In the April 28, 2008 edition of FORTUNE magazine, Richard Iklos interviewed Disney CEO Bob Iger about how Disney is doing. What stood out in the article of interest to me (and I think my readers) is his thoughts on the Disney brand. Iger is quoted as saying:

I love classic Mickey, but to kids today, classic Mickey is meaningless.

That’s powerful from the CEO of a company who is better identified by their mousy logo than the elegant script of their founder’s signature.

Along the same lines, Mr. Iger provides some wise words in the balance between being prolific and maintaining a quality product or service in response to the statement that the Disney brand may be dated.

There was a perception that there was too much Disney product in the marketplace. And by the way, the combination of lack of quality and too much product is really deadly.

What caught me was how germane this was to many blogs I read and websites I (used to) visit. We are constantly bombarded with advice on being quick to respond to change and the business\customer that we sometimes sacrifice quality for quantity thereby diluting the entire response and eventually making us irrelevant.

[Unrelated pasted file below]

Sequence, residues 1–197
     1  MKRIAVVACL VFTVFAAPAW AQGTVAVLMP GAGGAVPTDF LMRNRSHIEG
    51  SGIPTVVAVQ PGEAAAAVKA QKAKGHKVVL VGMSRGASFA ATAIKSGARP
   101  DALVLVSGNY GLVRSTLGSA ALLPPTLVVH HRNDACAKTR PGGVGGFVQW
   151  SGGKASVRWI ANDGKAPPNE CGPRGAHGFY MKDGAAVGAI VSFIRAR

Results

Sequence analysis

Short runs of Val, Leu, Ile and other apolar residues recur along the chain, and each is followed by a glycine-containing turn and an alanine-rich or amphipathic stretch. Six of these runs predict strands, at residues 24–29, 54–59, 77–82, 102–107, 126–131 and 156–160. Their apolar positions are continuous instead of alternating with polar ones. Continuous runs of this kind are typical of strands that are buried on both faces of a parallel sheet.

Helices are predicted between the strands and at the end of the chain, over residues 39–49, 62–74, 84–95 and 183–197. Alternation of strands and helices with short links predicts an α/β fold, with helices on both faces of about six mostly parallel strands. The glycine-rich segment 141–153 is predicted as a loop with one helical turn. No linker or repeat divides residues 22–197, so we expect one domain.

Another point of interest in the interview is the comments Mr. Iger makes with respect to the strong Disney heritage. I’m currently employed by an organization with very rich heritage and colorful family history. Many of the employees I work with have 10, 20, 30 years of tenure with the company. Mr. Iger states:

When you deal with a company that has a great legacy, you deal with decisions and conflicts that arise from the clash of heritage vs. innovation vs. relevance. I’m a big believer in respect for heritage, but I’m also a big believer in the need to innovate and the need to balance that respect for heritage with a need to be relevant.

These words caught my attention in that the people I am working with recognize that they are thirsty for new experiences and innovation in the organization. And instead of living with that thirst they are open to taking a drink from the cup of new ideas and experimentation. As a new employee with some of these “new ideas” I have to balance my urge to turn on the firehose with a “respect for heritage.” So far, so good.

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